Nor’easter prompts agricultural state of emergency



(The Center Square) – Heavy rains and flooding from a Nor’easter over the weekend took a toll on eastern North Carolina agriculture, prompting Gov. Roy Cooper to issue a state of emergency.

Cooper issued an executive order recommended by the North Carolina Department of Agriculture on Tuesday that lifts restrictions on transporting essential livestock, poultry, feed and crops within, to or from an emergency area covering Duplin and Sampson counties.

“The state of emergency declaration will help farms in Duplin and Sampson counties transport livestock, crops and essential products in the wake of flooding from last weekend’s severe weather,” Cooper said in a statement. “North Carolina farms play a vital role in feeding the world and we want to give them the support they need to mitigate the impacts of heavy rain and flooding heading into the holidays.”

Roughly half of Sampson County is farmed and 93% of the 960 operations in the county are family farms. North Carolina’s most diverse agricultural county ranks second in the state and 20th in the country for agriculture, with a market value of $1.25 billion of products sold, according to the county website.

The county is number one in North Carolina for vegetables and turkey production, number two in pork, and number four in tobacco, wheat and soybeans. Cattle, cotton and broilers are also big business in Sampson County, where the largest employer in 2022 was Smithfield Foods.

Agriculture is vital in neighboring Dublin County, as well. The county topped farm cash receipts in North Carolina at $1.3 billion in 2022, driven in large part by its top ranking among the state’s counties for broilers and hogs. Duplin ranks second for corn, and third for vegetables, fruits and nuts. The county is also a significant producer of cattle, turkeys and soybeans, according to 2022 USDA statistics.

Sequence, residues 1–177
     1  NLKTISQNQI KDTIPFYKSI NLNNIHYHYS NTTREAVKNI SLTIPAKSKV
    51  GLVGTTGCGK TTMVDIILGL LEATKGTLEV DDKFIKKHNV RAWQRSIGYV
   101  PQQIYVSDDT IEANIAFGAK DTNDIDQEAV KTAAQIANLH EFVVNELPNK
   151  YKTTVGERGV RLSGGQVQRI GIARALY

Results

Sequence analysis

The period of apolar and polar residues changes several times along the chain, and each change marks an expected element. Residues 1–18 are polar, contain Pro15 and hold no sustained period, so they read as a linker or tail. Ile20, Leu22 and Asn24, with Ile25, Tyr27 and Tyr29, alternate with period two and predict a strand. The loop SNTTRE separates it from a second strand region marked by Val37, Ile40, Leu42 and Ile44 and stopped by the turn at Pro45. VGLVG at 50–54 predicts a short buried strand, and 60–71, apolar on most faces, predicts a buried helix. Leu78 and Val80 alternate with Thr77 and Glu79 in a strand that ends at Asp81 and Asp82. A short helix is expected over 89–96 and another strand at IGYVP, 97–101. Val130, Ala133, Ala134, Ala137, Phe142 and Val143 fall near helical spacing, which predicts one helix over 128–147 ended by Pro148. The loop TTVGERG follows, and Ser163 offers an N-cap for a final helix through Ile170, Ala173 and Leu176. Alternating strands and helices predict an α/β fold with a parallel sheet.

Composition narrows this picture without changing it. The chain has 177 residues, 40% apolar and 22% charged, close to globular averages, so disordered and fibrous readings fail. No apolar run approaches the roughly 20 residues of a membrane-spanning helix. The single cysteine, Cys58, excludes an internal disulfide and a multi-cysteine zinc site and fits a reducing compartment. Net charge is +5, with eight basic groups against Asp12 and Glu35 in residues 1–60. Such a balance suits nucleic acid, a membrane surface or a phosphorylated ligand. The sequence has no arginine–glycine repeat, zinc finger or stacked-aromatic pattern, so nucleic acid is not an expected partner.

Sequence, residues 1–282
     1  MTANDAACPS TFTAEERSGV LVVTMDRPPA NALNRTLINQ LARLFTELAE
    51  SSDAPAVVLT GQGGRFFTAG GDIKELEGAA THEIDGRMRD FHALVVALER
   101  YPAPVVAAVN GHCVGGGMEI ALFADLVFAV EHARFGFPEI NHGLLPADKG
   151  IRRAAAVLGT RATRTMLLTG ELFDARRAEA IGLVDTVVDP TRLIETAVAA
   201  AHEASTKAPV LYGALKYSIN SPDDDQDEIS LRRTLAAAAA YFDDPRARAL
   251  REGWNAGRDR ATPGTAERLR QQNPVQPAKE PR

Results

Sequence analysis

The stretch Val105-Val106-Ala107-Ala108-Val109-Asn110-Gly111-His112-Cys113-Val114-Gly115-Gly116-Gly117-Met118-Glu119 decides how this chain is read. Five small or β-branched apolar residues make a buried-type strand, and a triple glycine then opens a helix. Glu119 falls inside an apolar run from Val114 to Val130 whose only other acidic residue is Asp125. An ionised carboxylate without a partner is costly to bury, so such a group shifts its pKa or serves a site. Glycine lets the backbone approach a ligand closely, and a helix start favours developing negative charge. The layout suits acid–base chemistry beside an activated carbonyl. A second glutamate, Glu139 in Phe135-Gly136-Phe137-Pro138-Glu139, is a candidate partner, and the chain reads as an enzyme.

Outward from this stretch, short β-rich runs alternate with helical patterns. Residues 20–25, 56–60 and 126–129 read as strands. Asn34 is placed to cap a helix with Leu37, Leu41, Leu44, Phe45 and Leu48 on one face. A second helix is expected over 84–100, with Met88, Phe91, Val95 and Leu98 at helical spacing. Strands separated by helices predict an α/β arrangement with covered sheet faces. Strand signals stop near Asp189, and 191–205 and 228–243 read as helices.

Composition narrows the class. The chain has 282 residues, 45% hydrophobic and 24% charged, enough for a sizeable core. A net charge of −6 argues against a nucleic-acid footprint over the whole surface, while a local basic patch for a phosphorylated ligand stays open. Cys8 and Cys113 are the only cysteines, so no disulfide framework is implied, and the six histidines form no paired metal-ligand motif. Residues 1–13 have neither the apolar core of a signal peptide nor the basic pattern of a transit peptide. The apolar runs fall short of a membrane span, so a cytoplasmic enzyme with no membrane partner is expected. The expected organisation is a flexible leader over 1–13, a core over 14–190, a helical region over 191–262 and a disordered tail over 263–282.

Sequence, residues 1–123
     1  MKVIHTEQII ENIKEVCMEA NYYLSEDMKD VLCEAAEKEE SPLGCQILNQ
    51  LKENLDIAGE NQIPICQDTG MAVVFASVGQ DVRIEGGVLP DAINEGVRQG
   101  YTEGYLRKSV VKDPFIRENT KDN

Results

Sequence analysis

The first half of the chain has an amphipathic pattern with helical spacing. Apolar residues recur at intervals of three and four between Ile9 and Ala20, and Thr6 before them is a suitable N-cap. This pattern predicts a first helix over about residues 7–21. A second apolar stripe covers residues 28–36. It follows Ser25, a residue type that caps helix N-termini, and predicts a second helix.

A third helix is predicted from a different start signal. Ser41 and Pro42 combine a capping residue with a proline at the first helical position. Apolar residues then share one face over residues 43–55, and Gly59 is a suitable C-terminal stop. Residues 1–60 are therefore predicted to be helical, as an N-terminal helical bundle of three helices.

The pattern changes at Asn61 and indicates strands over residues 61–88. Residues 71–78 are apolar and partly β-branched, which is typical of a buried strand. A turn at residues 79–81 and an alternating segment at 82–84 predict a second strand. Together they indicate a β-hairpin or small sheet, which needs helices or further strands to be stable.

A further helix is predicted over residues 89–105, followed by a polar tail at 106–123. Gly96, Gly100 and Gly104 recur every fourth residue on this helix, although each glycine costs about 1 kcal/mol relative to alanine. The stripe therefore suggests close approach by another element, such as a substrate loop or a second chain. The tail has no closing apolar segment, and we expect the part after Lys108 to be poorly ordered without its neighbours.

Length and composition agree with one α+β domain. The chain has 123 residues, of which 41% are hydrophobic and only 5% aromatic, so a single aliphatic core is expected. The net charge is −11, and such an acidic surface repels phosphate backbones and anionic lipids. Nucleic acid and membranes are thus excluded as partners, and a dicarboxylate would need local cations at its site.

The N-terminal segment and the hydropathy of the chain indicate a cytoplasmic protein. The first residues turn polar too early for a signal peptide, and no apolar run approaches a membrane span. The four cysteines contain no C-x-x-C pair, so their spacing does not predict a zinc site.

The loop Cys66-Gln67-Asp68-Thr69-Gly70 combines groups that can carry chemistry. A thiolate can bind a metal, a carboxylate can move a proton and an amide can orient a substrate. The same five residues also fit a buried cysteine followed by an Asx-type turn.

Both counties played a key role in the agriculture industry’s recent milestone of more than $100 billion in economic impact.

Cooper’s Executive Order 296 waives the maximum hours of service for drivers transporting livestock, poultry and crops and suspends requirements that the North Carolina Department of Public Safety weigh vehicles used for the same purpose.

“This suspension does not permit the gross weight of any vehicle or combination to exceed the safe load carrying capacity established by the DOT on any bridge … or to permit the operation of a vehicle when a law enforcement officer has probable cause to believe the vehicle is creating an imminent hazard to public safety,” the order read.

“Upon request by law enforcement officers, exempted vehicles must produce documentation sufficient to establish that their loads are only providing direct assistance by transporting livestock, poultry, or poultry feed or crops ready to be harvested within, to, or from the emergency area.”

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